It's a good thing this object – estimated to be perhaps 15 meters (50 feet) across, smaller than 2012 DA14's 50 meters (160 feet) – hit the atmosphere at the low angle it did (about 20 degrees) rather than more head-on, considering it was probably traveling at 15 kilometers per second, over 10 times faster than a bullet from a high-muzzle-velocity rifle. Videos of the event show what appear to be two separate contrails, implying the object split up prior to entering the atmosphere (it may even have been a binary asteroid). Exploding as it did with the power of a mid-sized nuclear bomb, it's a miracle nobody was killed, though Russian sources still report almost 1,200 people checked into hospitals as a direct result.
This number of injuries and the amount of property damage it did, though, instantly catapults this object to the top of "most destructive meteor in recent history". Prior to this, there have been reports of one or two people hit by (small) meteors with no lasting results, and unsubstantiated reports of a dog in Egypt killed by a meteor in the early 1900s. It's going to be very, very, interesting to see what, if anything, this event does to change public perceptions of asteroids. Objects this size are predicted to hit the Earth about once a century, and astronomers have long been aware of much larger objects – such as 2012 DA14 – that also have the potential to hit the Earth.
Up until February 15th, though, it's always been a pretty theoretical argument. Astronomers have had a hard time convincing people to give them money to build monitoring systems that could warn us of such things in advance because there wasn't much in the way of perceived need, although thankfully the U.S. government has put some money into building such systems, such as the PanSTARRS telescope located on Haleakalā, Maui. However, this object, which could have obliterated the city of Chelyabinsk rather than merely damaged it had it come in at a different angle, would have been very difficult to detect before it hit with the current asteroid-detection systems we have (as evidenced by the fact that we didn't detect it prior to impact). Astronomers estimate there are still tens of thousands of objects capable of destroying cities out there that we haven't found yet, and it's only a matter of time until one hits us again.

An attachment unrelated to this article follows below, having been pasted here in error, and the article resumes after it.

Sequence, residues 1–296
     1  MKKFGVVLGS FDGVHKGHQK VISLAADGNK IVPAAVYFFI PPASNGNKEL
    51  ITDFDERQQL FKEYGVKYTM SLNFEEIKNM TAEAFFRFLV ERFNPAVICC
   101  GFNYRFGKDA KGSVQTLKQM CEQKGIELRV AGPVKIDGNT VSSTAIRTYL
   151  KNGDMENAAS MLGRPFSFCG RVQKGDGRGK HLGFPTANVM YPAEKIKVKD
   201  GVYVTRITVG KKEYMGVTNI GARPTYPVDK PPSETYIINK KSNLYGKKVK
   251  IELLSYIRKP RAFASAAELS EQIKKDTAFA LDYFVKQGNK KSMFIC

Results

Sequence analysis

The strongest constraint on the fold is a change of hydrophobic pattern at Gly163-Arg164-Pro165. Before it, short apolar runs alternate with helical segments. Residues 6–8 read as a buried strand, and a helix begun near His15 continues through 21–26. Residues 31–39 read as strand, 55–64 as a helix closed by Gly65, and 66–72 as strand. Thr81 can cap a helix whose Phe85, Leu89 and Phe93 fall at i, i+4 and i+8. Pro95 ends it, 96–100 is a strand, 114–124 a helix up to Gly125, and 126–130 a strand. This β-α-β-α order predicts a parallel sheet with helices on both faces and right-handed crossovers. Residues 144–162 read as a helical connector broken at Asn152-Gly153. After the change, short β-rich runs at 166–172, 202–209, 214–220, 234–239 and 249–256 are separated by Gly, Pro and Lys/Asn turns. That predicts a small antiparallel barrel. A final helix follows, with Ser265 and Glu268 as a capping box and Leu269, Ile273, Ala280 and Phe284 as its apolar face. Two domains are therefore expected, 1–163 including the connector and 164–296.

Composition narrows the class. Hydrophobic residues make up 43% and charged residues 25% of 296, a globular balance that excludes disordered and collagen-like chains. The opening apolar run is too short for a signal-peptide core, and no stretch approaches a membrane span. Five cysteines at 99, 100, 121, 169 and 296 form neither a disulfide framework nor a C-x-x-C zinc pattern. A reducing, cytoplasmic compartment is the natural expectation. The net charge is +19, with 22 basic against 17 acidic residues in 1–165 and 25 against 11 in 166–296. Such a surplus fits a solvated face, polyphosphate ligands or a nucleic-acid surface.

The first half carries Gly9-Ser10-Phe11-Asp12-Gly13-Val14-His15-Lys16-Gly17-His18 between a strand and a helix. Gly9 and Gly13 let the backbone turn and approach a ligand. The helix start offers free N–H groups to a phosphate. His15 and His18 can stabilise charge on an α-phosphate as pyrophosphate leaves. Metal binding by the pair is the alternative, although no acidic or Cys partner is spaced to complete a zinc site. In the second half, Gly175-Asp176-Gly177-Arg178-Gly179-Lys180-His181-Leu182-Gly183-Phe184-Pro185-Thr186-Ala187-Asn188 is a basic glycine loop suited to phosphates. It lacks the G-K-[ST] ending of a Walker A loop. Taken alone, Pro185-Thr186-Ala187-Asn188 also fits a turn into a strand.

Of course, simply knowing something is going to hit you and destroy X city or cause widespread tsunamis around the shores of Y ocean isn't very useful unless you can do something about it. I'll be honest: we don't actually know if we could stop an asteroid from hitting the Earth. But that's mostly because we've never tried, because we've never seen a strong enough need to do so, because asteroids have always been "something up there that doesn't bother us". I'm sorry for the pain of everyone who was hurt by this asteroid, but I hope that it will help wake up the general public to the fact that asteroids are not just a theoretical danger – that living on the exterior of a giant ball of rock hurtling around the sun at 30 kilometers per second, surrounded by thousands of similarly-speedy rocks is not necessarily safe. And maybe, just maybe, the next time one of these objects is going to hit us we can spot it while it's still far enough out for us to do something about it.